A new national fire danger warning system will be rolled out across Victoria this week after it was decided the current ratings were too confusing for people when a blaze threatened.
The new system will reduce the number of risk levels from six to four. Using improved scientific knowledge on fuel types and weather conditions, it will provide more accurate fire forecasts in summer.
A new fire behaviour index, published by the Bureau of Meteorology, will provide a 100-point scale of potential fire behaviour based on fuel and weather conditions. It will categorise the risk as either moderate, high, extreme, or catastrophic. At all other times, it will operate on a “no rating” basis, meaning people won’t be required to take any action to protect their safety.
Each category will require residents in affected areas to take a different course of action, from preparing a fire plan during moderate conditions, to taking action to protect their life and property in the event of a catastrophic blaze.
Unlike the old system, which based predictions on only two fuel types, the new ratings will be based on eight different Australian vegetation fuel types: forest, grassland, savanna, spinifex, shrubland, mallee heath, button grass and pine. All vegetation types, except spinifex and button grass, are found in Victoria.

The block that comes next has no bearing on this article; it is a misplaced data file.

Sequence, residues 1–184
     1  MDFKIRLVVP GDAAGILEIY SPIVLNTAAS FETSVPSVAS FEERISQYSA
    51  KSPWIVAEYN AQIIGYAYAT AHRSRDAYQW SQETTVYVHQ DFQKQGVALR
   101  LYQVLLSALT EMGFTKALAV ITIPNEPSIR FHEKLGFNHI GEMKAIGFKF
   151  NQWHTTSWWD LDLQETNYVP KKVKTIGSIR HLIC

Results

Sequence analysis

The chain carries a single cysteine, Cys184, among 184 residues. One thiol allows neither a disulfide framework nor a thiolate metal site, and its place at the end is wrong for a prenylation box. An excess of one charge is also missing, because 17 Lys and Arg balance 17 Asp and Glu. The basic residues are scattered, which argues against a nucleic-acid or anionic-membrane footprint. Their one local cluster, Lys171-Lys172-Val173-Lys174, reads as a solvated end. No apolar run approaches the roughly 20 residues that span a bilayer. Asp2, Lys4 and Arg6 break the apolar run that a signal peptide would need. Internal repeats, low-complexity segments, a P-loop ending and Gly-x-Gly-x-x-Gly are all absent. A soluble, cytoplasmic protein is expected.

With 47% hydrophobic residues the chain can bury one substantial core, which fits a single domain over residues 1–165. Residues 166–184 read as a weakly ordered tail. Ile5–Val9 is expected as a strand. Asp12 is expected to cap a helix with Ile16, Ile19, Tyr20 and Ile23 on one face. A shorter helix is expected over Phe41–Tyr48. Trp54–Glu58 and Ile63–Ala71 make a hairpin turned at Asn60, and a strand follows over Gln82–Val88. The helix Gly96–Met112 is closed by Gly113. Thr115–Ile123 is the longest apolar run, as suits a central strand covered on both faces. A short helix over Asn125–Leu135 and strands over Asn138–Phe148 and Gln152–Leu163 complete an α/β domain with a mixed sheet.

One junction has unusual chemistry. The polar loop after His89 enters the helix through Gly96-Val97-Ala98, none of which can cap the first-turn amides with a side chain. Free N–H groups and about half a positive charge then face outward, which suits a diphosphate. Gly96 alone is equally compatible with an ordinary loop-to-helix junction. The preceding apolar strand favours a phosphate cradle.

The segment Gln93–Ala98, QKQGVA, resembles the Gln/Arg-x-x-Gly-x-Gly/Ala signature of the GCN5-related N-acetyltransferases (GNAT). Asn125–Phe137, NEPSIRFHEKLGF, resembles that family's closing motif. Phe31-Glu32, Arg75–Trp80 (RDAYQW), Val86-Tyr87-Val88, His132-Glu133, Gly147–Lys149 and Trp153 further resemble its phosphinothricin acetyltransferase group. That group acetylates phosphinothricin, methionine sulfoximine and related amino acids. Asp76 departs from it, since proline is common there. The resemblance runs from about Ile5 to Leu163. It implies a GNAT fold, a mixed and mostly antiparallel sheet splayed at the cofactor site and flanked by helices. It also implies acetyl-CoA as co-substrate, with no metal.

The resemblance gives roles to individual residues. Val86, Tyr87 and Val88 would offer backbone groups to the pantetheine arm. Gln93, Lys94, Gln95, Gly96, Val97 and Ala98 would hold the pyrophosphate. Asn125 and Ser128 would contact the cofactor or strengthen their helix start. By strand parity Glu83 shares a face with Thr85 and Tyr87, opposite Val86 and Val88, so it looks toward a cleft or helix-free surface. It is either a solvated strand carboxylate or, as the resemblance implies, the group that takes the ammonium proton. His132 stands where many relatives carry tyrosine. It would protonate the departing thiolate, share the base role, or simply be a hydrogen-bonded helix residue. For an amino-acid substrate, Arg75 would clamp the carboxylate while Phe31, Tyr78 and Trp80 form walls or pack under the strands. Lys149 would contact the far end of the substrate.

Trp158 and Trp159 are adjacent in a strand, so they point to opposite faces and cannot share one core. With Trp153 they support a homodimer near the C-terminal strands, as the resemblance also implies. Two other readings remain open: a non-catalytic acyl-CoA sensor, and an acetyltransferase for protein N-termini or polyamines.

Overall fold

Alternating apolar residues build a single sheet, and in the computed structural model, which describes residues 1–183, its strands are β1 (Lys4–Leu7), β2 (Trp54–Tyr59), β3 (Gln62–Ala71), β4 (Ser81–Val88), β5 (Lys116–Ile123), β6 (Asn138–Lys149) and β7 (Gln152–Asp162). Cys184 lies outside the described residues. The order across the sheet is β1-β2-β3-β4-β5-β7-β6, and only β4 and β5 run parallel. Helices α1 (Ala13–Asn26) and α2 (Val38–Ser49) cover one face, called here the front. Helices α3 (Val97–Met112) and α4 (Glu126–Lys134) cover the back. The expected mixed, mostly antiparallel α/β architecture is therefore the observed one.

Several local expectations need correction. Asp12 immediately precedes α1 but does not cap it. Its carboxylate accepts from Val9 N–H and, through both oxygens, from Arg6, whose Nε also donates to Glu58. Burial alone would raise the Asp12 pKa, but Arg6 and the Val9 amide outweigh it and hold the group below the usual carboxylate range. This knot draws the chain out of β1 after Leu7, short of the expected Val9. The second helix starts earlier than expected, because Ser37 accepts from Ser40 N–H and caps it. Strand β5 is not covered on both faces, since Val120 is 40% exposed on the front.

The system will also provide longer-term outlooks for emergency services about what fire behaviour might be like months ahead of time and will be used to inform decisions such as fire bans or burn-offs.
The changes were informed by the experience of the 2019-20 bushfire season. They will come into effect Australia-wide on September 1, providing a single warning system across all states and territories.
Forest Fire Management Victoria chief fire officer Chris Hardman said Victoria was among the most bushfire-prone areas in the world and would benefit from the new system.
“It provides government and industry with better decision-making tools and builds a truly national system,” Hardman said. “Fires do not respect boundaries. The establishment of this national system will make a really significant improvement to how we communicate what the particular risks are at any given time to the community.”